To create a waypoint at the vessel present position you’d hit the Mark touch field located both on the top line of the chart page and on the home page menu. Once you press it the 740 builds the waypoint and switches you to a waypoint page where you can see the name, position, depth, and bearing and distance information. From this screen you can edit the data, move the waypoint, or delete it completely.
There are actually two pages to this screen and if you use the right arrow field at the bottom of the page you will see a mini chart view pop up onscreen showing the location of the waypoint. You can create a waypoint anywhere on the chart page by touching the screen where you want the point and then choosing the create waypoint field.
You navigate to a waypoint by selecting it from the chart or the waypoint list. You would follow through with a couple more menu selections to execute navigation to the point. After you execute you will see a course line and numeric data displayed onscreen to provide guidance to the waypoint.
The Garmin 740 can store up to 3000 waypoints and 100 routes. Waypoints are identified with a user-defined name up to 10 characters in length and one of 70 symbols. You can also add a comment about each point.
Route building in the Garmin GPSMAP 740 is easy to accomplish. Touching your final destination on the chart page followed by a press of the Route To function will get things started. All you have to do now is touch the chart and click the Add Turn field as needed for each added waypoint along the way.
Odds and Ends
Using the man overboard function on the Garmin is a multi-step process. First off, you will need to press the Mark button. Then you will need to cursor to the MOB field and confirm your selection. Once done, the 740 creates a waypoint, switches to the chart view if youre not already on it, and opens data boxes that provide enough navigation information to take you back to the MOB position. As I have said many times before in a variety of chartplotter reviews, a single action MOB function preferred over multi-step procedures like this one.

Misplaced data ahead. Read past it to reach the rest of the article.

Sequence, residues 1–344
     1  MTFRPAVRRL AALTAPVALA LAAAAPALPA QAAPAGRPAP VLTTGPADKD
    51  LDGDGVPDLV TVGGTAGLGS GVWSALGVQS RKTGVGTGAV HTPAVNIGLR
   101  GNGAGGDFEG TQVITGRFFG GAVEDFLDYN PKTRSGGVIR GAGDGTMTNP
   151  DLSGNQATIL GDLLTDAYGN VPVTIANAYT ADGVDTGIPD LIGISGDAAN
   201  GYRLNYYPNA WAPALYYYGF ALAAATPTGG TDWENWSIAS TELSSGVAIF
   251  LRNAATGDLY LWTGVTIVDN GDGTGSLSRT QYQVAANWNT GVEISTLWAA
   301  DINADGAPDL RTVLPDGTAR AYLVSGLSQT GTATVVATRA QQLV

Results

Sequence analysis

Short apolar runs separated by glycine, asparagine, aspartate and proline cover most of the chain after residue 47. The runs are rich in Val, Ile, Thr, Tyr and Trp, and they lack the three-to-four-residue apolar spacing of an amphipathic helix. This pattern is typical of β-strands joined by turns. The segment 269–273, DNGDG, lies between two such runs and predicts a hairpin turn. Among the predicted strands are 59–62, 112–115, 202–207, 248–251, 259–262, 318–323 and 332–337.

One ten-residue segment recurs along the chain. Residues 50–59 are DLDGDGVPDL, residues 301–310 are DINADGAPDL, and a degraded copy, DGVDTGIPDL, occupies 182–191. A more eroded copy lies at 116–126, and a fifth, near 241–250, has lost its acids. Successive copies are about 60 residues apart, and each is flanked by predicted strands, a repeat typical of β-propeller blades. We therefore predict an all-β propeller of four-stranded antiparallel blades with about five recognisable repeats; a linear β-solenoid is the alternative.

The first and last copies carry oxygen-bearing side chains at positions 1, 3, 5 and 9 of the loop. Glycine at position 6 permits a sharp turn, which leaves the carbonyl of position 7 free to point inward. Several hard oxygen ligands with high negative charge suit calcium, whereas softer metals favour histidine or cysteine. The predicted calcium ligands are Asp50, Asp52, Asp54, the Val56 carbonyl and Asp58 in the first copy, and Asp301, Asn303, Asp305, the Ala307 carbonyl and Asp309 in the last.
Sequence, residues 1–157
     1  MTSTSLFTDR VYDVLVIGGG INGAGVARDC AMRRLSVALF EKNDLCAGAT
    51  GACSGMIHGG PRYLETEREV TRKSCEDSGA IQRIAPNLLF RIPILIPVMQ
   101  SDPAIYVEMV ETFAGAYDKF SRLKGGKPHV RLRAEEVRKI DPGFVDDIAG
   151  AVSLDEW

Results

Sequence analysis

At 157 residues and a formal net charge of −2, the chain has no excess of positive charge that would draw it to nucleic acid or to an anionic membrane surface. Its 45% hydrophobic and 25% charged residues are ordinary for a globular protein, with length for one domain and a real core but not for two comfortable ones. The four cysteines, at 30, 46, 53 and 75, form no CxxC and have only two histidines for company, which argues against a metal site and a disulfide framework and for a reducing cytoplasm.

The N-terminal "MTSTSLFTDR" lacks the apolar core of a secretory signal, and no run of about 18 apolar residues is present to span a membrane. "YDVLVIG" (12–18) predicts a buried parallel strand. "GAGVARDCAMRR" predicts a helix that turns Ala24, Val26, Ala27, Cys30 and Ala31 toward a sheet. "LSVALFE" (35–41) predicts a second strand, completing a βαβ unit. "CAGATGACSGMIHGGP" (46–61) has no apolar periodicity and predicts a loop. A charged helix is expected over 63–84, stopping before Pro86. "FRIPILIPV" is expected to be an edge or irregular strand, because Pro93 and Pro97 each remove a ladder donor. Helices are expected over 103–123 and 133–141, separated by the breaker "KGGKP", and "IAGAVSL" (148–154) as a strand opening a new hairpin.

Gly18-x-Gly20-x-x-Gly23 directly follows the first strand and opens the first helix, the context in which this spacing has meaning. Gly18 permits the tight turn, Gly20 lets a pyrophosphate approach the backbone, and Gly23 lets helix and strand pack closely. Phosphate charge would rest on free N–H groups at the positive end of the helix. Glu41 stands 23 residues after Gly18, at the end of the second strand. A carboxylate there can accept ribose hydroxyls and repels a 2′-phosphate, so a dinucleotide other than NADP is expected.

Screen redraws on the Garmin 740 are very fast and smooth. Noticeable map redraws can be seen when zooming out while a zoom in is fairly seamless under most circumstances.
Selecting the Where To page from the Home page menu provides the user with locations for services as well as access to tracks and lists of waypoints and routes. You will also find a Stop Navigation function field displayed here.
Once function that continues to be missing from this Garmin chartplotters bag of tricks is a Restart Navigation command. This particular function is found on many chartplotters and has proved to be a real benefit to fishermen and cruisers. If you are traveling to a waypoint and need to move off course for some reason having the Restart Navigation function makes heading back toward you selected waypoint from your new boat position really easy. I wish Garmin would consider adding this feature.
Tides, current, celestial, user, and other vessel data can all be found via the Information page. Certain other data can be accesses by placing the cursor over the object in question from the chart page.
The Garmin 740 is rated waterproof to IPX7 standards, which means it could be submerged to a depth of 1-meter for up to 30 minutes and survive undamaged. The unit carries a 1-year warranty.
The Garmin 740 chartplotter shows lots of chart details with its super sharp screen. I found it easy to use too. A powerful processor gives this Garmin chartplotter a chart view that moves smoothly as the boat travels or you range the chart.